Preview: Reinventing the MMO with The Secret World

Mar 15 // Daniel Starkey
The Secret World (PC)Developer: FuncomPublisher: Electronic ArtsRelease: June 19, 2012 Like World of Warcraft and The Old Republic, The Secret World is based on interfactional warfare. There are the Templars based out of London who want to restore and maintain order, the Dragons based out of Seoul who are the embodiment of chaos, and the Illuminati based out of New York who are comparatively moderate. Each of these factions is contending with transdimensional foes, and there are a lot of unanswered questions and a lot of figures vying for power. Everyone will have a recruitment mission to get them set up with one of the groups, but there is no typical class selection here. Funcom has decided upon Skyrim-style class selection -- pick what you want, do what you want, and find a role for yourself. There are more than 500 abilities and nine classes of weapons (though some of those are magic), and as you gain experience, you get skill points to distribute into any category to shape your character however you want. Each player is also limited to seven active abilities and seven passive abilities, so careful selection and strategy plays into deciding what you use. It's a really intriguing system that is elegantly implemented with a stunningly beautiful, semi-minimal interface. Taking cues from TOR, the majority of the game is voiced, though the player character is a silent protagonist. It's a much more engaging way of conveying stories and doling out quests, and it represents another area where Blizzard is starting to fall behind. Quests themselves are more organic than in other MMOs, and the story is told more through the perspective of gathering information and lore to piece together what is going on rather than through the traditional fetch quest. "Quest givers," if they can be called that, will often actively mislead you either intentionally or unintentionally, and they represent an interesting break with the established tropes of the genre. I had a good 30 minutes to play the game after a presentation by Funcom staff showing off some new content. I wasn't able to get too far into the real meat of the game, but I got to pick up a few weapons, tool around with some basic abilities, and run around London for a bit. The overworld is rich and lively, and for once, there's a game which does not seem to have the utterly impractical architecture of other MMOs (i.e. buildings that are so utterly gargantuan as to be ridiculous). Combat is smooth, and everything takes place in real time. The player can move while casting, charging, shooting, etc., so battles feel more like an action RPG than anything else -- faster and more frantic without ever losing complete control. It's a fun and refreshing mix that I can't say I have seen replicated anywhere else. The Secret World is due out June 19th, which is good because I've been looking forward to this since I first saw it at PAX '09. I'm still a bit concerned as to the longevity of the title, but a lot of work has gone into "reinventing the wheel," as it were, and it definitely shows.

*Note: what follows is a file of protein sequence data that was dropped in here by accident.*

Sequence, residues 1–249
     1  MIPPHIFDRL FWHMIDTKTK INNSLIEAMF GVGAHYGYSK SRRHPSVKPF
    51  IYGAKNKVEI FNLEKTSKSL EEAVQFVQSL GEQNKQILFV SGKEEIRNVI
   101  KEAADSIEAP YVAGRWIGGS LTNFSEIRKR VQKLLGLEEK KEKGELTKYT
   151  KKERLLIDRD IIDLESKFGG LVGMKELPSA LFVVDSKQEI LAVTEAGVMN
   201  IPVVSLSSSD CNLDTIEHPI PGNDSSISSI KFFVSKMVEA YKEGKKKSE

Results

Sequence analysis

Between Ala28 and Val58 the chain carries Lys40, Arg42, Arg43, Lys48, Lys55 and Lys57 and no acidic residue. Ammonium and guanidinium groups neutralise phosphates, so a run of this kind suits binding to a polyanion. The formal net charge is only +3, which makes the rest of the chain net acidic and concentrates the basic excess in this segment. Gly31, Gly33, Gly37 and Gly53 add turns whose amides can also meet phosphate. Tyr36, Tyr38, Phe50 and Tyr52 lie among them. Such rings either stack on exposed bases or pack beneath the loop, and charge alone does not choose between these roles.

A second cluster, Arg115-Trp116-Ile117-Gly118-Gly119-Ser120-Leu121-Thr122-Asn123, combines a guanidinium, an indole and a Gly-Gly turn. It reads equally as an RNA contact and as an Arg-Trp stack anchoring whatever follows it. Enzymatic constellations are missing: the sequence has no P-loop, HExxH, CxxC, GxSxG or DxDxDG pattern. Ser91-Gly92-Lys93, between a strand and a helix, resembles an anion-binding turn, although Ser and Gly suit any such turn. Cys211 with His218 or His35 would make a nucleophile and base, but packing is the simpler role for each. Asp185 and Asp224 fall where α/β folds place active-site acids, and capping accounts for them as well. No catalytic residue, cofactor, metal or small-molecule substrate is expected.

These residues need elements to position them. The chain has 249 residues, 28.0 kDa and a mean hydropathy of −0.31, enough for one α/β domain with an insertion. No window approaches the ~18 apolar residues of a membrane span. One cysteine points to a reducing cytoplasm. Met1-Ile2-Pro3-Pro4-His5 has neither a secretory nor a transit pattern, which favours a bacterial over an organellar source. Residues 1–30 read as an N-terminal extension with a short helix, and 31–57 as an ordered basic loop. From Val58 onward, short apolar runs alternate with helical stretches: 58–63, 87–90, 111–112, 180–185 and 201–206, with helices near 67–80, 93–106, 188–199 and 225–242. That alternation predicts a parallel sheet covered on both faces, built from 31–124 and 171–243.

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The MMO space has been steadily filling up since people realized just how much money Blizzard is actually making. Many have tried to break into that space, but most have failed. Funcom has a pretty consistent history of bring...

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Location trailer for The Secret World sets the spooky


Jan 26